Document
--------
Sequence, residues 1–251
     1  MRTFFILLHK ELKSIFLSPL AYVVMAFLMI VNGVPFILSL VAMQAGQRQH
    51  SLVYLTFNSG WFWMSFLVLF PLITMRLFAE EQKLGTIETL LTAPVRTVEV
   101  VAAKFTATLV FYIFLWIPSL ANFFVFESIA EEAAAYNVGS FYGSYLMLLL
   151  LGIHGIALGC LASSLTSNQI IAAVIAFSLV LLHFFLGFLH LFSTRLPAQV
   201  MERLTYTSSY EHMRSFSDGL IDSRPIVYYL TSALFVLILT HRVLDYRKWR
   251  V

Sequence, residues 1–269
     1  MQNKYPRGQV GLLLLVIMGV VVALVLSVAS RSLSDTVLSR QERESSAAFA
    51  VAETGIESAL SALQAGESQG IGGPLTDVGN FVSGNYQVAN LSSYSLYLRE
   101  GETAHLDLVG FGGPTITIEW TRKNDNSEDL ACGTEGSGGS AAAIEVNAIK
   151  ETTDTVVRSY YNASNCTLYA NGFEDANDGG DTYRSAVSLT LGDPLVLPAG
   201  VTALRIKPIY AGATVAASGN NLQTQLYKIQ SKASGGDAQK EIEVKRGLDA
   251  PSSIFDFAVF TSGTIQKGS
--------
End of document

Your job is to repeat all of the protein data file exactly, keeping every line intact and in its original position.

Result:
Sequence, residues 1–251
     1  MRTFFILLHK ELKSIFLSPL AYVVMAFLMI VNGVPFILSL VAMQAGQRQH
    51  SLVYLTFNSG WFWMSFLVLF PLITMRLFAE EQKLGTIETL LTAPVRTVEV
   101  VAAKFTATLV FYIFLWIPSL ANFFVFESIA EEAAAYNVGS FYGSYLMLLL
   151  LGIHGIALGC LASSLTSNQI IAAVIAFSLV LLHFFLGFLH LFSTRLPAQV
   201  MERLTYTSSY EHMRSFSDGL IDSRPIVYYL TSALFVLILT HRVLDYRKWR
   251  V

Sequence, residues 1–269
     1  MQNKYPRGQV GLLLLVIMGV VVALVLSVAS RSLSDTVLSR QERESSAAFA
    51  VAETGIESAL SALQAGESQG IGGPLTDVGN FVSGNYQVAN LSSYSLYLRE
   101  GETAHLDLVG FGGPTITIEW TRKNDNSEDL ACGTEGSGGS AAAIEVNAIK
   151  ETTDTVVRSY YNASNCTLYA NGFEDANDGG DTYRSAVSLT LGDPLVLPAG
   201  VTALRIKPIY AGATVAASGN NLQTQLYKIQ SKASGGDAQK EIEVKRGLDA
   251  PSSIFDFAVF TSGTIQKGS